Last year Atlassian co-founder Mike Cannon-Brookes became a billionaire after floating his business on the US stock market, having spent 10 years turning the Australian tech company into a global force.
Last week, Queensland-based music streaming platform Guvera lodged its prospectus for an $80 million initial public offering (IPO).
The $80 million float will give Guvera an indicative market cap of around $AU588 million and $1.3 billion valuation. When Atlassian floated, it was worth $US4.4 billion ($A6 billion).
But the figure Guvera is aiming for appears at odds with the rest of the industry. The AFR used the value of rival business Pandora to calculate how much Guvera would be worth as a like-for-like business. It estimated around $3 million.
Launched in 2010, then relaunched in 2013 off the back of a $60 million raise, Guvera last year raised $100 million as part of expansion plans in India and hopes to take on streaming giants Spotify and Pandora.
Last year the business turned over $1.2 million and lost $81 million, having bought UK streaming service Blinkbox for $650,000, only to see it fail, costing $2.3 million in losses.
According to the prospectus, a loss of $55.7 million was posted for HY2016. The losses for the first 9 months of FY2016 are now at $80 million.
Meanwhile Guvera CEO, Darren Herft’s private equity firm AMMA has benefited from the cash pouring in. Guvera paid $22.485 million in commissions to AMMA on previous capital raising of $180 million. Under the terms of the prospectus, Guvera must pay AMMA a commission of 5.75% of the total of any cash investment received from investors introduced by AMMA during the Offer Period.
AMMA Private Equity is underwriting $10 million of the IPO, conditional on Guvera raising $30 million.
If successful, the IPO will leave Herft with 7.87% of the stock, and founder Claes Loberg with an 11.63% stake, retained for at least two years in escrow. Business Insider has approached Guvera for comment on this story.
When news of the Guvera IPO reached Mike Cannon-Brookes, he was less than impressed, taking to Twitter to say the “ASX shouldn’t allow this stuff”.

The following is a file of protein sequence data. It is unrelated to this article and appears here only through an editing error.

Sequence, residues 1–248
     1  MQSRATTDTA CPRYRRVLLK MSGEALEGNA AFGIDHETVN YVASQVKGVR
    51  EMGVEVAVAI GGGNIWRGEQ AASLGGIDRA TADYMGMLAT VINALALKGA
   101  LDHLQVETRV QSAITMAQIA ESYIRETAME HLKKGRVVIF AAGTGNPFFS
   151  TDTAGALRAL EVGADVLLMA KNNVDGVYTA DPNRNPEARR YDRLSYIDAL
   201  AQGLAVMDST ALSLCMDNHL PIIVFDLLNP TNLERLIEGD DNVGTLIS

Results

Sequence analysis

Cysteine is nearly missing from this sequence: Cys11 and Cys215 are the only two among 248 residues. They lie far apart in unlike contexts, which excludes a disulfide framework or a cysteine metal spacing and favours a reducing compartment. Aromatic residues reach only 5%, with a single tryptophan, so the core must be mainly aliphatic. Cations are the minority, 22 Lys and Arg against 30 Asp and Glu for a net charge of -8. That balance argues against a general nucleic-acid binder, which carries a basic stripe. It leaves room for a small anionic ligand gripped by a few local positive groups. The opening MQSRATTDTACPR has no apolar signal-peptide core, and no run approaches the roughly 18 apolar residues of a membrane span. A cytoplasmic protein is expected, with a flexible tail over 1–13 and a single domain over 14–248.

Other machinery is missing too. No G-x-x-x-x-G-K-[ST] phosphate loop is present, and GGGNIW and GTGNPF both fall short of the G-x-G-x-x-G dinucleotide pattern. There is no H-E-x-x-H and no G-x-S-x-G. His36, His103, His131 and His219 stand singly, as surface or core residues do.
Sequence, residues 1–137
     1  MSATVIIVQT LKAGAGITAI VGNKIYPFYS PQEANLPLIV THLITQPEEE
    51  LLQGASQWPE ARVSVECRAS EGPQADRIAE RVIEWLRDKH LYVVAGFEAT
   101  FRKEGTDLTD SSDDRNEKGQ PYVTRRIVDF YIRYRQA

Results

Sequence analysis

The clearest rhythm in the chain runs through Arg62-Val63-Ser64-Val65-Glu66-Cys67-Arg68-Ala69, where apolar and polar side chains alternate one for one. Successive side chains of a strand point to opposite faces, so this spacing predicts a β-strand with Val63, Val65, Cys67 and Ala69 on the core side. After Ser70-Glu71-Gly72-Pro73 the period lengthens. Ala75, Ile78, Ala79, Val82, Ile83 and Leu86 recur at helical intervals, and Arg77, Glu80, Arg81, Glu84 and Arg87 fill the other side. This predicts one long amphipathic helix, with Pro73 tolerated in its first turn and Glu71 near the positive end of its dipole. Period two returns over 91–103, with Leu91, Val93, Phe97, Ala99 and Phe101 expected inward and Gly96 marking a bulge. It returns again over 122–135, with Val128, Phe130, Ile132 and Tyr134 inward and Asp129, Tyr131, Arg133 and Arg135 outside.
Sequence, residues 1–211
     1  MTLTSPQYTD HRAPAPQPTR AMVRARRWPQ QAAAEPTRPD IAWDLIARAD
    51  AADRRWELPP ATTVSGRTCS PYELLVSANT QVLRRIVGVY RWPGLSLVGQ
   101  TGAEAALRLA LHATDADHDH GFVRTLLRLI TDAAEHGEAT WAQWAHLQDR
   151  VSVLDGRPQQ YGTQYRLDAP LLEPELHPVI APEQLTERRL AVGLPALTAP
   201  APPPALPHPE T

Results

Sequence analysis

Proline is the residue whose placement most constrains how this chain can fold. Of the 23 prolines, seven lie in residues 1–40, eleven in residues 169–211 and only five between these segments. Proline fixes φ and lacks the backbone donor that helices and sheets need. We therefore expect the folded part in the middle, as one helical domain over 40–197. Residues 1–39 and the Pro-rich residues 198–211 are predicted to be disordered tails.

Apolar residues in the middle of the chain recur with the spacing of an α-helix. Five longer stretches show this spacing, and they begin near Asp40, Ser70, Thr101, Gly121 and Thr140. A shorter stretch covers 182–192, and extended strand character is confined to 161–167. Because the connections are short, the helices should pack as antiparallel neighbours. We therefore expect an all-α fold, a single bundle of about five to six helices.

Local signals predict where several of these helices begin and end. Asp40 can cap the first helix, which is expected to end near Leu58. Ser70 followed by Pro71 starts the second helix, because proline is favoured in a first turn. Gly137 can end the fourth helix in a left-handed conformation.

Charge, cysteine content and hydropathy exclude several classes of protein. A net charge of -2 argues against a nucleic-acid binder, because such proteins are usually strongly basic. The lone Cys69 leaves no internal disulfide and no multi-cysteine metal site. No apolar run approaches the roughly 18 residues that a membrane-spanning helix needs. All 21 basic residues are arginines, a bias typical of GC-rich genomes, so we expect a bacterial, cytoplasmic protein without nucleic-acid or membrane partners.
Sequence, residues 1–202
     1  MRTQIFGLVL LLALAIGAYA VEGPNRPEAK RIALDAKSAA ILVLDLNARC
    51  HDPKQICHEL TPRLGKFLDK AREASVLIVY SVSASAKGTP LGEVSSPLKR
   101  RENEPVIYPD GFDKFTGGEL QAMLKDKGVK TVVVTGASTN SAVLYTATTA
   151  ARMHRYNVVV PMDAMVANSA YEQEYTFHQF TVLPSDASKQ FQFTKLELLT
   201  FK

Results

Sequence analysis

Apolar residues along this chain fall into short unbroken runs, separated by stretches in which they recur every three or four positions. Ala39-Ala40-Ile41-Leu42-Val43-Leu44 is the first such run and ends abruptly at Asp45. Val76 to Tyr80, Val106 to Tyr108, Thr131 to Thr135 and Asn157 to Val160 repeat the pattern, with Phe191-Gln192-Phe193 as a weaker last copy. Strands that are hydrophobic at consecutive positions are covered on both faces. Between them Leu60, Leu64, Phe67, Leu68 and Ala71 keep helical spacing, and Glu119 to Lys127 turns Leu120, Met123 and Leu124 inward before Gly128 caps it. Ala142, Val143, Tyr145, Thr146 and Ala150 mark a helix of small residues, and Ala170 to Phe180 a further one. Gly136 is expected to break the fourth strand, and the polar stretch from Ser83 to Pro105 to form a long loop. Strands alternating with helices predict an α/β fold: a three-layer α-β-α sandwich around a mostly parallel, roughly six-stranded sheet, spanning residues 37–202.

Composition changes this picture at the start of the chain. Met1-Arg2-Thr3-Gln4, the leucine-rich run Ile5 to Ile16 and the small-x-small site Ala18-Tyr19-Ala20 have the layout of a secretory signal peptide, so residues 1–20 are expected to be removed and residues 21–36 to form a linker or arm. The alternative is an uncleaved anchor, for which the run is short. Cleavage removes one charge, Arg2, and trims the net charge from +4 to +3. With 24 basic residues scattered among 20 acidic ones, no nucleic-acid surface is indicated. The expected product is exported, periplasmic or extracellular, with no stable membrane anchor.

Reading the prospectus left him “terrified” he said.
Was pitched. Read Guvera prospectus. Terrified. $180m raised, <1m MAU? No revs? Little growth? Dodgy loans? ASX shouldn’t allow this stuff.
— Mike Cannon-Brookes (@mcannonbrookes) June 4, 2016
Cannon-Brookes wasn’t alone in voicing his concerns.
Blackbird Ventures founder Niki Scevak called the Guvera IPO “horrifying”.
“So horrifying and more $ than entire credible Aussie VC industry // streamer Guvera raising $100m through ASX,” he said on Twitter.
Paul Bassat, the Seek co-founder who last year launched the $200 million VC fund Square Peg Capital, took aim at the ASX for allowing questionable floats.
1 The quality, readiness and valuation of some of the tech companies coming to market is an absolute disgrace.
— Paul Bassat (@PaulBassat) June 1, 2016
“Some advisers and entrepreneurs will make a killing but it will be a zero sum game and retail investors will be the losers,” he said on Twitter.
“Hopefully markets will be able to distinguish between the crap & the high quality tech companies but risk that whole sector will be harmed.”
3 @ASX and NZSX are about only place in the world where companies are listing way too early and often without a real business model
— Paul Bassat (@PaulBassat) June 2, 2016
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